Unemployment could hit highs not seen since the 1980s, ex Chancellors warn


Brits must brace for unemployment levels to hit highs not seen in the UK since the 1980s, according to two former chancellors.

Alistair Darling, the last Labour politician to hold the top economic job was joined by his former rival and successor George Osborne in calling on ministers to ensure more structures to help the unemployed are in place.

Alistair Darling, who was Labour chancellor under Gordon Brown during the 2008 financial crisis, said: “We need to get ourselves into the frame of mind where we’re thinking of 1980s levels of unemployment.

“If it doesn’t happen, that’s great but I think we need to be ready for that and if we’re not people will ask why.”

Answering questions on comparisons between the financial crisis and the coronavirus pandemic from the Treasury Select Committee,Mr Osborne said: “We didn’t really have to deal with mass unemployment. We never faced the structural unemployment that we saw in the 1980s.”

Chancellor George Osborne and former Chancellor Alistair Darling
Ex-Chancellor George Osborne and former Chancellor Alistair Darling rarely appear together

He added that the Government must make sure unemployed workers do not end up on long-term benefits.

The former Tory chancellor explained: “Governments of all colours since the Second World War have not done terribly well at getting structurally unemployed people back into work.”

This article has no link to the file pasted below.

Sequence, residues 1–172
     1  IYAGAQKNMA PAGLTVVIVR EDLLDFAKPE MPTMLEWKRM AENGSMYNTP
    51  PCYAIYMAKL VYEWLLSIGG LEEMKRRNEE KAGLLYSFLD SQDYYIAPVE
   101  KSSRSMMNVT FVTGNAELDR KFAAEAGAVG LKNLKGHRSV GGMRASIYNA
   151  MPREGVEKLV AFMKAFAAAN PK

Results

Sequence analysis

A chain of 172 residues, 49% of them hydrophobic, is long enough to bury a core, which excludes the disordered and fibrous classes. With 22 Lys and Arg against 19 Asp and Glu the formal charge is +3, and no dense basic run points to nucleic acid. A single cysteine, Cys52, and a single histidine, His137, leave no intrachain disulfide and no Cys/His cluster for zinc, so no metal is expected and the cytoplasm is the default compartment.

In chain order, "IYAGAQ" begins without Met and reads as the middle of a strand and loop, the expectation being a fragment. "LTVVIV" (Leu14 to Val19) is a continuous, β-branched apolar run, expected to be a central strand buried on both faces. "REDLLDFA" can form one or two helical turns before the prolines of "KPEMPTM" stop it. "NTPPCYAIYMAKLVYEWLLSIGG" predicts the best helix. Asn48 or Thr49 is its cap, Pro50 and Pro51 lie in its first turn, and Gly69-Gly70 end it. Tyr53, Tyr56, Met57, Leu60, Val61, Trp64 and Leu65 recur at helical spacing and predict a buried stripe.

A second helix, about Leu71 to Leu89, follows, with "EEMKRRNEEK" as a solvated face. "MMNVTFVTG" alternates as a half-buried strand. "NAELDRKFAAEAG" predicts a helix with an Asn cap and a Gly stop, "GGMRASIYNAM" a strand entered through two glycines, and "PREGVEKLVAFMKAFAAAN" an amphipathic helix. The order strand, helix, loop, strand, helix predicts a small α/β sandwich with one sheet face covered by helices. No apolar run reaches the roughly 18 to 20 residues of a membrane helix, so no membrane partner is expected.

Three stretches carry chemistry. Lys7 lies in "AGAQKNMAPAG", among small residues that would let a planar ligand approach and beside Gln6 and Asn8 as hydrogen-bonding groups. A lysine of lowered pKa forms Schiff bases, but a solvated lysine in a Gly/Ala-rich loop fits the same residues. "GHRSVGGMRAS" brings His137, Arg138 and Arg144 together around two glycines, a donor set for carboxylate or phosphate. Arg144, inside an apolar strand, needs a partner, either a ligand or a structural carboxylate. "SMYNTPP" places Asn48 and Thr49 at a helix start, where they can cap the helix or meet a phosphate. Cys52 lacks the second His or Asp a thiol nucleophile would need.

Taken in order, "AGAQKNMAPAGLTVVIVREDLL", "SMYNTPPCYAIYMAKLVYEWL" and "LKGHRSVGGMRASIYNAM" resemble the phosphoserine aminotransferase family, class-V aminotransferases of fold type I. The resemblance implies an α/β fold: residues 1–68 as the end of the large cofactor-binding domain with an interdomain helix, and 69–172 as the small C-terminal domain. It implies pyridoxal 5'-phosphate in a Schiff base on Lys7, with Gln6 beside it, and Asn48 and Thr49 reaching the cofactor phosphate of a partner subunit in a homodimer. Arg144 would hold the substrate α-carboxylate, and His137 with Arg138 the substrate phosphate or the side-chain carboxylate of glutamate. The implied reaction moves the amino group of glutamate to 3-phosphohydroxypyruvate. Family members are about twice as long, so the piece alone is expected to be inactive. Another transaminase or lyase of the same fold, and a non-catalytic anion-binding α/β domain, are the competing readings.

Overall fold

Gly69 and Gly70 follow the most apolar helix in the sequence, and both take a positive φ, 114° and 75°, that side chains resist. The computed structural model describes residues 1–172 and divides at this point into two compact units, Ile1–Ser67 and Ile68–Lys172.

Mr Darling also warned that Britain’s economy will not recover until the Government has coronavirus under control.

He said: “Until the Government gets control of the virus it’s difficult to see how you can pull out the stocks and get the economy moving again.”

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He added that  Rishi Sunak should not choke off the first signs of any recovery by cutting back to harshly on any support.

Mr Osborne warned that people ended up “trapping” people on the furlough scheme if it remained overly generous for too long.

The pair were giving evidence alongside former Tory chancellor Philip Hammond, who said there were too many uncertainties to know how quickly and successfully the economy can recover.

He said: “A lot is going to depend whether over the next months it is clear that we are heading towards a vaccine or treatment for this disease and returning the economy to something like normal, or, by contrast, that we’re not heading towards an early vaccine or a treatment and we have to plan, in terms of restarting the economy living with Covid – restructuring our businesses so they can operate in a sub-optimal way so they can operate with the disease.”

All three said the Government should not concern itself with the high levels of debt the UK is wracking up in the short term, avoid tax rises and consider tax cuts either through a VAT reduction or national insurance payments.

Mr Hammond said there was “no economic logic to increasing taxes in the short term”.

The trio also discussed interventions, welcoming the furlough scheme but warning it would need to be extended in some form.

Experts worry that many of the 8.7 million people who have been placed on furlough might lose their jobs when the scheme starts winding down and is ended.

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The government currently promises to cover 80% of the salaries of furloughed workers.

It came as the governor of the Bank of England told Britain’s biggest banks to intensify preparations for a “no trade deal” Brexit amid growing signs of deadlock between London and Brussels.





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